Alaska – You can’t have your kayak and heat it.

14th Nov 2017 by

I was stood, rooted to the spot, holding a kayak under one arm and a dry bag full of my possessions under the other. The news that my ferry had just been cancelled was slowly sinking in.

The dream was to spend 5 days in the wilderness, sheltering in this incredibly minimal (and dare I say cute) little cabin on the tiny Alaskan island of Killisnoo.

At 57°28′10″N, 134°34′11″W it’s the kind of place where latitude and longitude are more relevant than road signs.

Killisnoo was formerly inhabited by the indigenous Tlingit people. A fish processing plant was built on the island in the late 1800’s causing the population to soar. This sadly burned down in 1928 and the majority of the Tlingit people left.

The population rose again in 1942 but under very different circumstances. The US Government were getting concerned about Japanese aggression in the Aleutian Islands. In response, the residents of these islands were evacuated and relocated to places such as Killisnoo. They were given little support. Not even the most basic human needs of shelter, water and food were met. They were dumped and left to survive. Some did, many did not.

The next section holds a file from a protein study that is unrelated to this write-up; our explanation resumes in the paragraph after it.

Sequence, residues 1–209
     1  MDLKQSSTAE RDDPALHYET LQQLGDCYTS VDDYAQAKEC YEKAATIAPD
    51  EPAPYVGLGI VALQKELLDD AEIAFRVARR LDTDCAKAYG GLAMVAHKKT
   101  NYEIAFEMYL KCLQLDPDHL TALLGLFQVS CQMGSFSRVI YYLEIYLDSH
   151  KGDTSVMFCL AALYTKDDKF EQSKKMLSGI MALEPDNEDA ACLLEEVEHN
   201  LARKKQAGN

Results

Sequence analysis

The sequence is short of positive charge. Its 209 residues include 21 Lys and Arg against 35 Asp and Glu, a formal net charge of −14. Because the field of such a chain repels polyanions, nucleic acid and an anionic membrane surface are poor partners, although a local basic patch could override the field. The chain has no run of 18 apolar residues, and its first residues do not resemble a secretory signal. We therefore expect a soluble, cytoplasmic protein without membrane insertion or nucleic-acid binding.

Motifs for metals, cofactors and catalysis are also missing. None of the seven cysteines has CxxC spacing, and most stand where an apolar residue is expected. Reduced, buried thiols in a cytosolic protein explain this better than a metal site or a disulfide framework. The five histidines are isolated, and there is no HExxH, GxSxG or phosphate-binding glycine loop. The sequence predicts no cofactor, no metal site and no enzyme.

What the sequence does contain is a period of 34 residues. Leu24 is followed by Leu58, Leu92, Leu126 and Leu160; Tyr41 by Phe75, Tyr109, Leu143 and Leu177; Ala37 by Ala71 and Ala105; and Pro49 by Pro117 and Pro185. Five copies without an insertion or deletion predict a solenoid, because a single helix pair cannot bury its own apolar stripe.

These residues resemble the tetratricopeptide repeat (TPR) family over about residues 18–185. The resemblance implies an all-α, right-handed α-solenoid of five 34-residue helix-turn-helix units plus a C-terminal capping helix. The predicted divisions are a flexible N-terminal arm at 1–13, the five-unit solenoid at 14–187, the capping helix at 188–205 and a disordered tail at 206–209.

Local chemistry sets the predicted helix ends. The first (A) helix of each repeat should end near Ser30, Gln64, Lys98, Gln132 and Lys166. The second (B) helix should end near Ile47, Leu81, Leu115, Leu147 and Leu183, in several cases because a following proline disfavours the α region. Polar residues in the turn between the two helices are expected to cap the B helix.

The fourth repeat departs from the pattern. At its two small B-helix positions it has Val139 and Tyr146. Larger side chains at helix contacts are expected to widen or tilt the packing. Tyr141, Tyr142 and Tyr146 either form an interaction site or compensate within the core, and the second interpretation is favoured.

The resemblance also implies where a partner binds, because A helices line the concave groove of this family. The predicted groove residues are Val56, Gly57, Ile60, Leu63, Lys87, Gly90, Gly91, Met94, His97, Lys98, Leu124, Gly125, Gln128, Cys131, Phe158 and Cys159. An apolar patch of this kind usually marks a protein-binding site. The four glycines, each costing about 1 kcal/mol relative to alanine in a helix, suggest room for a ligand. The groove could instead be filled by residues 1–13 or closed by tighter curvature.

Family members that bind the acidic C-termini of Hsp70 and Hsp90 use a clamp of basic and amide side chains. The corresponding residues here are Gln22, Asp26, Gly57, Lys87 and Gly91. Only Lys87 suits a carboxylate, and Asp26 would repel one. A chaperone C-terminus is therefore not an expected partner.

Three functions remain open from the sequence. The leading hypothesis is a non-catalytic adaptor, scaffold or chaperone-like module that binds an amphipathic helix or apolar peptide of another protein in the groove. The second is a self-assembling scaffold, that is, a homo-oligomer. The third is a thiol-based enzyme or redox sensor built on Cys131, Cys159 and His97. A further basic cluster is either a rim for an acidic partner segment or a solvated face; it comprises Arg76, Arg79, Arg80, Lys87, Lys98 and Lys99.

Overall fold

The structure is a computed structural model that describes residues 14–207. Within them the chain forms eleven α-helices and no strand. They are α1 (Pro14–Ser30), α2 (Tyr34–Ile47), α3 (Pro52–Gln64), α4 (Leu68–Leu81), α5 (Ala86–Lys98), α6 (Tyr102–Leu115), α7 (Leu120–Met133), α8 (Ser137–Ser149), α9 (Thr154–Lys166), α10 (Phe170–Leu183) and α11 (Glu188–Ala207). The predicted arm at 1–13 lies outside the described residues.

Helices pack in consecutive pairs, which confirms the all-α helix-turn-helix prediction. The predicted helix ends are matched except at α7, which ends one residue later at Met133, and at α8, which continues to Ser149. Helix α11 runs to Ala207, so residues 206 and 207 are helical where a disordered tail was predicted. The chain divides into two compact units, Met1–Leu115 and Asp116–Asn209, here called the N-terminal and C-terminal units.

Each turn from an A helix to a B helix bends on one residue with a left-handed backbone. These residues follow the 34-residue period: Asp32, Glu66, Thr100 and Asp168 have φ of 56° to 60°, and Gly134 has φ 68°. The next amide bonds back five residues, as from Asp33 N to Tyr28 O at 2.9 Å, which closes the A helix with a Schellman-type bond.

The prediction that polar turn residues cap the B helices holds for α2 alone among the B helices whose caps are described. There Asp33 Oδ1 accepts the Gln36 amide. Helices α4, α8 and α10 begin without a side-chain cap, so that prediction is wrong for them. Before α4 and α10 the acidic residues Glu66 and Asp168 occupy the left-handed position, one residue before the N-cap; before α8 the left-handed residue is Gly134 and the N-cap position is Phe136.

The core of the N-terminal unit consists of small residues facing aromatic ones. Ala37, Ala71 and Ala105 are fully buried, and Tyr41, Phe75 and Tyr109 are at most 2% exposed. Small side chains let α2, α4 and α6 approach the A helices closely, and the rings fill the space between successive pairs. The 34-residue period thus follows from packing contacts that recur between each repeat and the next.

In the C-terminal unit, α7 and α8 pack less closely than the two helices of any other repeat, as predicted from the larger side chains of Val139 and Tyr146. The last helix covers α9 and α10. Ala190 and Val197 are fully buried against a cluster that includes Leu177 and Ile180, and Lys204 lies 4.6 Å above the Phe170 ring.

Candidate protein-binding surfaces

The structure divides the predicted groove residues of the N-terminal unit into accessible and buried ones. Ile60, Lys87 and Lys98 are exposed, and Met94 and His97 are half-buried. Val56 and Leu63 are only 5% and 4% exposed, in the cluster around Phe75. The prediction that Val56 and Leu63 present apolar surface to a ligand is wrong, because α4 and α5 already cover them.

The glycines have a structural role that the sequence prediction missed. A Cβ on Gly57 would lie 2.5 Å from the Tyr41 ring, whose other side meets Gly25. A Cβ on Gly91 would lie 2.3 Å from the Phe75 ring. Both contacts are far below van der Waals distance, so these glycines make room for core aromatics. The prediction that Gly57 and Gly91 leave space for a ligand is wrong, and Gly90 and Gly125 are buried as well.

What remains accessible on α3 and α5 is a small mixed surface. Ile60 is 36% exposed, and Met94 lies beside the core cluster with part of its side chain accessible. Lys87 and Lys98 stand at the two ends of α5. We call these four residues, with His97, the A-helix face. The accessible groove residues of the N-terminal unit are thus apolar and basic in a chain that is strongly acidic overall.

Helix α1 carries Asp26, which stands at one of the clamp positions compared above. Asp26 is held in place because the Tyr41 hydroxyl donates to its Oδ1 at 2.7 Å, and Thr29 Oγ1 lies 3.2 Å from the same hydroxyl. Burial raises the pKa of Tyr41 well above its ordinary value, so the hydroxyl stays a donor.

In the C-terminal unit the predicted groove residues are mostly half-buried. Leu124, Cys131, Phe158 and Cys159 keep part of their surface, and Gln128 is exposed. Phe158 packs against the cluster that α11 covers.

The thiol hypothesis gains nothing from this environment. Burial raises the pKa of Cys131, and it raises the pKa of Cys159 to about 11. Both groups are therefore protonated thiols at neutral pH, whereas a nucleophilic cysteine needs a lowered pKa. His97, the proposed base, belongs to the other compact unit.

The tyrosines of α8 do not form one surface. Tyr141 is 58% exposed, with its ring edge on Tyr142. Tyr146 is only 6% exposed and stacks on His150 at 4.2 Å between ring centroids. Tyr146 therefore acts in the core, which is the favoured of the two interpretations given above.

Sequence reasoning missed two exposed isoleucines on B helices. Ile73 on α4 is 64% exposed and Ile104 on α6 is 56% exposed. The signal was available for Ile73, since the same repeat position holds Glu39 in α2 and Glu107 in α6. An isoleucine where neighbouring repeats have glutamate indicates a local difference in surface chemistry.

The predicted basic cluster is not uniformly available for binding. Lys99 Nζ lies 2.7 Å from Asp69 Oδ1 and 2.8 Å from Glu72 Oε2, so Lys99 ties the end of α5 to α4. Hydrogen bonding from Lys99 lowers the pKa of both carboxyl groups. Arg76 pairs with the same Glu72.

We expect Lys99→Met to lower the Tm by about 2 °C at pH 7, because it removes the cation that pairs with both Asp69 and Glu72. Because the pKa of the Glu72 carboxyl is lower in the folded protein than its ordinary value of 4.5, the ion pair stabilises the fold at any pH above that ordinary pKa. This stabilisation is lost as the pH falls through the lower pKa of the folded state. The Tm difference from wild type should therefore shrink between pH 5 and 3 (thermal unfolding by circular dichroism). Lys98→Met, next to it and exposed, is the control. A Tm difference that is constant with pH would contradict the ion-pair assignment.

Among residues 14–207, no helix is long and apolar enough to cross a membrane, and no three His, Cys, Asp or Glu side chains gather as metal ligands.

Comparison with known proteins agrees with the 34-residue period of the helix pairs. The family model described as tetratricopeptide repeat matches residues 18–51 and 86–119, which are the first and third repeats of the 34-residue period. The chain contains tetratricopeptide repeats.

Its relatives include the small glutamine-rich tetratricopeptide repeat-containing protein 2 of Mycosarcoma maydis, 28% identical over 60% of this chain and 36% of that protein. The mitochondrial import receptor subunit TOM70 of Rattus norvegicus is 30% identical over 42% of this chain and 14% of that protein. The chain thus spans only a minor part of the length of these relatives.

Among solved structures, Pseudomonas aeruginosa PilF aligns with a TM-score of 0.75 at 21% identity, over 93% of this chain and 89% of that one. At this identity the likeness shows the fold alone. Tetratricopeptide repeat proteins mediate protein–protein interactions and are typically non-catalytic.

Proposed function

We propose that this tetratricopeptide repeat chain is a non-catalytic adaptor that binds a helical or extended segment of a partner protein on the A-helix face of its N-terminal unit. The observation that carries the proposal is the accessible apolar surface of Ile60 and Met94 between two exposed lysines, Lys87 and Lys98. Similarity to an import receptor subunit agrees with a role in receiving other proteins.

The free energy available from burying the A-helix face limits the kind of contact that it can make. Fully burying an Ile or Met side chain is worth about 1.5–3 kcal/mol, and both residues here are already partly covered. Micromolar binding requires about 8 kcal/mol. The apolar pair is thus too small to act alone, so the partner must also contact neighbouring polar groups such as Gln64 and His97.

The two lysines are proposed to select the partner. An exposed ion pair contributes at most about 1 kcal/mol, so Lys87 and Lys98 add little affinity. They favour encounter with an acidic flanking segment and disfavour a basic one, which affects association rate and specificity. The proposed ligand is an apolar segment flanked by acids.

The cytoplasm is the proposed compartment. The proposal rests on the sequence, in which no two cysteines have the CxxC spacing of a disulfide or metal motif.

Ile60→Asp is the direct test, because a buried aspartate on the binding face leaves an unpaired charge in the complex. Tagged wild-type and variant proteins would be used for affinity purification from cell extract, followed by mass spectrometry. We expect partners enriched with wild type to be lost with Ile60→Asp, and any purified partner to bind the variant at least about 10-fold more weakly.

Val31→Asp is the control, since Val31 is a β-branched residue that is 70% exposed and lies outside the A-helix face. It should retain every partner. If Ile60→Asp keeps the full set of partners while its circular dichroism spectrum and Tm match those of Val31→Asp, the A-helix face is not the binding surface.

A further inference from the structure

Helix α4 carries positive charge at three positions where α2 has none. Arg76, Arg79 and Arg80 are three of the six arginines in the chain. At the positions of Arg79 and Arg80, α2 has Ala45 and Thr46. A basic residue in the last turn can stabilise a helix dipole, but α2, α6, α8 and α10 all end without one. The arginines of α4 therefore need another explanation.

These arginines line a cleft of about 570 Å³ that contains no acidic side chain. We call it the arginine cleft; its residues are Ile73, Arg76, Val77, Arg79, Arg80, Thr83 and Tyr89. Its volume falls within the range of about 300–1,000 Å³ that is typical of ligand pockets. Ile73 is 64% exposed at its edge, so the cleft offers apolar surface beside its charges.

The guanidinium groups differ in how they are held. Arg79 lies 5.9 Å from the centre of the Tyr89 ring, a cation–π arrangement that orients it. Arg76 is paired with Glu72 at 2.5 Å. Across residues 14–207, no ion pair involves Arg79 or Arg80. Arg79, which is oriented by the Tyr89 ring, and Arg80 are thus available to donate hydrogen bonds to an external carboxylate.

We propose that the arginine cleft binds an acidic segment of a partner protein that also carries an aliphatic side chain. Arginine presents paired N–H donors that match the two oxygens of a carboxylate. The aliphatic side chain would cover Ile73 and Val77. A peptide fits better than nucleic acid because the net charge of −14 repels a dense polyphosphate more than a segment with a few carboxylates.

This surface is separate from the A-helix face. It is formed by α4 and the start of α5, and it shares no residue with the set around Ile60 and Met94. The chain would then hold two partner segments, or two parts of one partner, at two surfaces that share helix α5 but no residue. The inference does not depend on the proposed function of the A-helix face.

Today the island is home to a Fishing Lodge and a small number of private properties.

Game Plan

Attempting to schedule this adventure prior to leaving the UK had proven to be excruciatingly difficult. The process was almost aborted several times. However, it was the start of my year-long sabbatical and I wanted to begin with a challenge.

And a challenge it was. Even getting to Killisnoo, let alone surviving and thriving for 5 days, was a bit of a bind. The only affordable option was via kayak. I’d kayaked before, but that was on a nice summer afternoon in Surrey. I anticipated the whale filled waterways of Alaska’s Inner Passage would be a little more tricky.